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A Level II inspection typically includes only what can be examined without physically getting underneath the vehicle. At a minimum, the driver inspection must include a review of their CDL, alcohol and drug use, Medical Examiner’s and SKE certificates, HOS compliance, record of duty status, seatbelt usage, and vehicle inspection report(s). The vehicle inspection needs to include:

  • Brake, electrical, exhaust, and fuel systems
  • Cargo securement
  • Coupling devices
  • Driveline/driveshaft mechanisms
  • Frames
  • Hazardous materials compliance
  • Lighting devices (headlamps, taillamps, turn signals, etc.)
  • Steering mechanisms
  • Suspensions
  • Tires (including hubs, rims, wheels)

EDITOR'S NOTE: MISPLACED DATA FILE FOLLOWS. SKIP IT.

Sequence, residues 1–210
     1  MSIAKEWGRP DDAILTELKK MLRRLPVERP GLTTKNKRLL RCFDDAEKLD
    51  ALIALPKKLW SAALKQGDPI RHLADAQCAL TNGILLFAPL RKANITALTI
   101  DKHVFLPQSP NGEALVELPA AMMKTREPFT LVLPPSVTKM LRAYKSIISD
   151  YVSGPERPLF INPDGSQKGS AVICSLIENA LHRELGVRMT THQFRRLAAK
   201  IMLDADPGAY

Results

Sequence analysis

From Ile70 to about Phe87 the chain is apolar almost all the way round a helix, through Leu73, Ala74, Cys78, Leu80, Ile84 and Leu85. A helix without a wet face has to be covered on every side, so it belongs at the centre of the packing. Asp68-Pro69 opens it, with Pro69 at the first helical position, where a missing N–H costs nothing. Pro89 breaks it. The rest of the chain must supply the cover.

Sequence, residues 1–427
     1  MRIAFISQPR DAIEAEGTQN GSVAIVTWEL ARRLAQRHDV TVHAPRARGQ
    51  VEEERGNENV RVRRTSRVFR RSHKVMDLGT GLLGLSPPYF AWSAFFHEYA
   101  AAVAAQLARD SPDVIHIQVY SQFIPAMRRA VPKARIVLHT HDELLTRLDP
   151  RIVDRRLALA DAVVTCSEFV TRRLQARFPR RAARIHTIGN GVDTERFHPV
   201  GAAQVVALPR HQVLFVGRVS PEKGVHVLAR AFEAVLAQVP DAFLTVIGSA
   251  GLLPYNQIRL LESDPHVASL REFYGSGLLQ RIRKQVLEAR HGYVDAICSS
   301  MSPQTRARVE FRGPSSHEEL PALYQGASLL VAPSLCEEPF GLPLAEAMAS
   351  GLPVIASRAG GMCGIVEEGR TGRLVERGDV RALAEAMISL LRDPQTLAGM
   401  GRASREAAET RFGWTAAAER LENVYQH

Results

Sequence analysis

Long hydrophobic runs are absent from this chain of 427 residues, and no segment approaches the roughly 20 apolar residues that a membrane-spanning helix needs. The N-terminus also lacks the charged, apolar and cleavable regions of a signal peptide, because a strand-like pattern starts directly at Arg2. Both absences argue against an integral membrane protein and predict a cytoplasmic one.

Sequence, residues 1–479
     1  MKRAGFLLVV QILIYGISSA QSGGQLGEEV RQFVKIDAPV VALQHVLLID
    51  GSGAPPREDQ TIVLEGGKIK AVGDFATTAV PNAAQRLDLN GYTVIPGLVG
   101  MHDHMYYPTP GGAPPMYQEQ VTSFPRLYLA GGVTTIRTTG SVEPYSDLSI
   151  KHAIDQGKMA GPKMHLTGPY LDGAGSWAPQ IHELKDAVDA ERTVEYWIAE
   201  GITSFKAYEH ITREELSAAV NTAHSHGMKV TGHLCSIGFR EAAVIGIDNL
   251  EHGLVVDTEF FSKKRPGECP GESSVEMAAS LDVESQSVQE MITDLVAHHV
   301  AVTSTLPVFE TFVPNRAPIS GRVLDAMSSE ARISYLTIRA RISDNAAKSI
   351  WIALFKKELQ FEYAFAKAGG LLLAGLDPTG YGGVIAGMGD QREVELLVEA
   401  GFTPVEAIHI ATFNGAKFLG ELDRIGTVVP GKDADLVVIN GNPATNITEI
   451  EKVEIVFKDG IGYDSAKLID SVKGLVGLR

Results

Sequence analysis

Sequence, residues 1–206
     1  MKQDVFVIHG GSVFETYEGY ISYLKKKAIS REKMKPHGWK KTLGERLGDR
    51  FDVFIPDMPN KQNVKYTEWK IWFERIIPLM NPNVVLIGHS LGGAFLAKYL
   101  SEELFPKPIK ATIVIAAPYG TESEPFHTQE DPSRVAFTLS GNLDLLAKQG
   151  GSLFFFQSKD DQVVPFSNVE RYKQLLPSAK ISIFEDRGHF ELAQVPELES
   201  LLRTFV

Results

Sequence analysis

• Van and open-top trailer bodies
  • Windshield wipers

Level I: North American Standard Inspection

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Level I is inspection of the vehicle and driver, and tends to be the most comprehensive. The driver inspection includes a review of their Commercial Driver’s License (CDL), alcohol and drug use, Medical Examiner’s and Skill Performance Evaluation (SKE) certificates, Hours of Service (HOS) compliance, record of duty status, seatbelt usage, and vehicle inspection report(s). The vehicle inspection includes:

  • Brake, electrical, exhaust, and fuel systems
  • Cargo securement
  • Coupling devices
  • Driveline/driveshaft mechanisms
  • Frames
  • Hazardous materials compliance
  • Lighting devices (headlamps, taillamps, turn signals, etc.)
  • Steering mechanisms
  • Suspensions
  • Tires (including hubs, rims, wheels)
  • Van and open-top trailer bodies
  • Windshield wipers

4 Tips to Start Spring with Safety